Applied Rheology: Publications
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Reinhardt Kotze, Rainer Haldenwang, Paul Slatter
Rheological characterisation of highly concentrated mineral suspensions using an Ultrasonic Velocity Profiling with combined Pressure Difference method

Appl. Rheol. 18:6 (2008) 62114 (10 pages)

Abstract: The rheological behaviour of non-Newtonian, highly concentrated and non-transparent fluids used in industry have so far been analysed using commercially available instruments, such as conventional rotational rheometers and tube viscometers. When dealing with the prediction of non-Newtonian flows in pipes, pipe fittings and open channels, most of the models used are empirical in nature. The fact that the fluids or slurries that are used normally are opaque, effectively narrows down the variety of applicable in-line rheometers even further, as these instruments are normally based on laser or visible light techniques, such as Laser Doppler Anemometry. In this research, an Ultrasonic Velocity Profiling technique (UVP), in combination with a pressure difference (PD) measurement, was tested to provide in-line measurement of rheological parameters. The main objective of this research was to evaluate the capabilities of the UVP-PD technique for rheological characterisation of different concentrations of non-transparent non-Newtonian slurries. Kaolin, bentonite, Carboxymethyl Cellulose (CMC) and water solutions were used as model non-Newtonian mining slurries. Results determined by the UVP-PD method were compared with results obtained by off-line rheometry and in-line tube viscometry. The agreement between the UVP-PD method, tube viscometry and conventional rheometry was found to be within 15 % for all of the highly concentrated mineral suspensions investigated over a given range of shear rates.This method, if used in combination with a pressure difference technique (PD), has been found to have a significant potential in the development process of new in-line rheometers for process control within the mining industry. © 2008 Applied Rheology.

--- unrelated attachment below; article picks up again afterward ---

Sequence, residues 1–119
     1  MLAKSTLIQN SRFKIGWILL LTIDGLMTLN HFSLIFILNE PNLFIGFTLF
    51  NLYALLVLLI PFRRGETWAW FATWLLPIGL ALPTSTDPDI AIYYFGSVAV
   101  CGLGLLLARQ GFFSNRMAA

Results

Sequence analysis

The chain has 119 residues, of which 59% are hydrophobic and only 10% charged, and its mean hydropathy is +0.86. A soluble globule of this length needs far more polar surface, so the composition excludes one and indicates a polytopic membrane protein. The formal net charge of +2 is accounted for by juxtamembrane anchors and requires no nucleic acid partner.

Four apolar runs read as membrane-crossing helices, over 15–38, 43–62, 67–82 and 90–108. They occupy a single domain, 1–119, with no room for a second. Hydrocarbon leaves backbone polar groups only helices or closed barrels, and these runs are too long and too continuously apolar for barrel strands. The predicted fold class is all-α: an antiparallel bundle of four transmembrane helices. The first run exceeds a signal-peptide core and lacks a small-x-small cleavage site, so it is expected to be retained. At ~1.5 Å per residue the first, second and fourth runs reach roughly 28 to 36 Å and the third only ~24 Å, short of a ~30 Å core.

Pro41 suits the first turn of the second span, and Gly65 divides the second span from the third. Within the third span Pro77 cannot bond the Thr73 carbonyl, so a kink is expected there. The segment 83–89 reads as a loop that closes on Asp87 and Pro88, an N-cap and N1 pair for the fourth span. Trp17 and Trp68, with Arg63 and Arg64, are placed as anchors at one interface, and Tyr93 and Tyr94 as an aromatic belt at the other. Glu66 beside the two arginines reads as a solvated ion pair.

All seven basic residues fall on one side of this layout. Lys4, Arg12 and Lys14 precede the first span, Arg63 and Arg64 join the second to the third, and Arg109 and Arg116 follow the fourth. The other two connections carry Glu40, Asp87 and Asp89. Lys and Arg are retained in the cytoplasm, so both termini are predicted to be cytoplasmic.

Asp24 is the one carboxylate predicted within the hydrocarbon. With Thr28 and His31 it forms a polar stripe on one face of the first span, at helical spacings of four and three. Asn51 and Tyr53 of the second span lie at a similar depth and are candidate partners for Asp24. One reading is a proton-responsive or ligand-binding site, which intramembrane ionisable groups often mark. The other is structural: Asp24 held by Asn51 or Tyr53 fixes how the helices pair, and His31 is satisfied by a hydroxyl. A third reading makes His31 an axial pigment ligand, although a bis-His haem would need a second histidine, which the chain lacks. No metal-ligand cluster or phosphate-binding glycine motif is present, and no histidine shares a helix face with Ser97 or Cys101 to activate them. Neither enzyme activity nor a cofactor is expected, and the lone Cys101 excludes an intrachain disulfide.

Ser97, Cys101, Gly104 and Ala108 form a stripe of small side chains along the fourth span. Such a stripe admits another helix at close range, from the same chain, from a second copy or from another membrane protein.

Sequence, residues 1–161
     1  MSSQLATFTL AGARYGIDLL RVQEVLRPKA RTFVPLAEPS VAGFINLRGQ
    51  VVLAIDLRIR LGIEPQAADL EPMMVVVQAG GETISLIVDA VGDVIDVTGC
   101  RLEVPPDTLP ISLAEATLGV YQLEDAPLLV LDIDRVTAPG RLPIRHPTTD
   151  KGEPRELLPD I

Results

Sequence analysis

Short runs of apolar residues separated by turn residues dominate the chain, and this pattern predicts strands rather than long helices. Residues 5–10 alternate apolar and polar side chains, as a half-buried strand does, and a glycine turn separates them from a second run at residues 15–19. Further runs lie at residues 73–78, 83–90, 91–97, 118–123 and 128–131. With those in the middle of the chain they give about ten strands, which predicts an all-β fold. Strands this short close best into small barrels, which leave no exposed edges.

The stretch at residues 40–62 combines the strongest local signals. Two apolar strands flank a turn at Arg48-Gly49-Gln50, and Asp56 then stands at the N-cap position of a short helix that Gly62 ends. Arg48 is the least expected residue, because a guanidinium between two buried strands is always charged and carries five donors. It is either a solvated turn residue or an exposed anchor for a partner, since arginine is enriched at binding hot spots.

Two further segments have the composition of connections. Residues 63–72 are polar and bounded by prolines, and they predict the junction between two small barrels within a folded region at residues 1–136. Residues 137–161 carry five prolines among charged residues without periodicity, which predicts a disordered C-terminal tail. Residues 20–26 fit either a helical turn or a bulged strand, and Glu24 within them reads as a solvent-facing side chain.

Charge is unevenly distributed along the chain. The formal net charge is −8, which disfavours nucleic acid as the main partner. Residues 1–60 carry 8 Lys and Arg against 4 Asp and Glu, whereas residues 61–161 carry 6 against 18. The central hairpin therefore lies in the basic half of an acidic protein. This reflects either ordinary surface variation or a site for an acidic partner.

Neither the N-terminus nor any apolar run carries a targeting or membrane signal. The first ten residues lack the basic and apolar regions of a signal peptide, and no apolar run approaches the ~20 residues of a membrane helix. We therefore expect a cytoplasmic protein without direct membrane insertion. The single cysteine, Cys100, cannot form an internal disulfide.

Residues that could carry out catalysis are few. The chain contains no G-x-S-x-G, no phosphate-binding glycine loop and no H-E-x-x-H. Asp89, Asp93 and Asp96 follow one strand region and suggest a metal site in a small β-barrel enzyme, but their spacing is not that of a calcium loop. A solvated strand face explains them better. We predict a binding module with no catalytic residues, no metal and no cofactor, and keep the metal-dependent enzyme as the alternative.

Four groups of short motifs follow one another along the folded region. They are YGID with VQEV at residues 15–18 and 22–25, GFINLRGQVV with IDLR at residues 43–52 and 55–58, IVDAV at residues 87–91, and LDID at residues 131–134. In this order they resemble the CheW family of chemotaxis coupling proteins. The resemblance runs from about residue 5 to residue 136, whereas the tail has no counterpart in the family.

DOI 10.3933/ApplRheol-18-62114

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